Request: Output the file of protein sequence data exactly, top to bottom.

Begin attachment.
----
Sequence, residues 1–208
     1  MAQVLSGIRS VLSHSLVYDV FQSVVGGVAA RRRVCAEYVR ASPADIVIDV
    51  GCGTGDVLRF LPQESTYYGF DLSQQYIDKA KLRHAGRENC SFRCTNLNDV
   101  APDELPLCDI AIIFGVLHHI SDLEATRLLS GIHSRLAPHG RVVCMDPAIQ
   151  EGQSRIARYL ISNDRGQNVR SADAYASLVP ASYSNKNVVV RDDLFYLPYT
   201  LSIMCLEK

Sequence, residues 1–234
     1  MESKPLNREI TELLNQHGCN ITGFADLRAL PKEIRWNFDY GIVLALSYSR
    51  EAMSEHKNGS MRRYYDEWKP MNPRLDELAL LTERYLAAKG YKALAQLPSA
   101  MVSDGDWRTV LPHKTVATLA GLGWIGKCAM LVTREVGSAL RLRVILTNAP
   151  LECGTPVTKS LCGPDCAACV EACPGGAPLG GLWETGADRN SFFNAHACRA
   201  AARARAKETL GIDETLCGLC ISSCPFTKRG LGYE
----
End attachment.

Sequence, residues 1–208
     1  MAQVLSGIRS VLSHSLVYDV FQSVVGGVAA RRRVCAEYVR ASPADIVIDV
    51  GCGTGDVLRF LPQESTYYGF DLSQQYIDKA KLRHAGRENC SFRCTNLNDV
   101  APDELPLCDI AIIFGVLHHI SDLEATRLLS GIHSRLAPHG RVVCMDPAIQ
   151  EGQSRIARYL ISNDRGQNVR SADAYASLVP ASYSNKNVVV RDDLFYLPYT
   201  LSIMCLEK

Sequence, residues 1–234
     1  MESKPLNREI TELLNQHGCN ITGFADLRAL PKEIRWNFDY GIVLALSYSR
    51  EAMSEHKNGS MRRYYDEWKP MNPRLDELAL LTERYLAAKG YKALAQLPSA
   101  MVSDGDWRTV LPHKTVATLA GLGWIGKCAM LVTREVGSAL RLRVILTNAP
   151  LECGTPVTKS LCGPDCAACV EACPGGAPLG GLWETGADRN SFFNAHACRA
   201  AARARAKETL GIDETLCGLC ISSCPFTKRG LGYE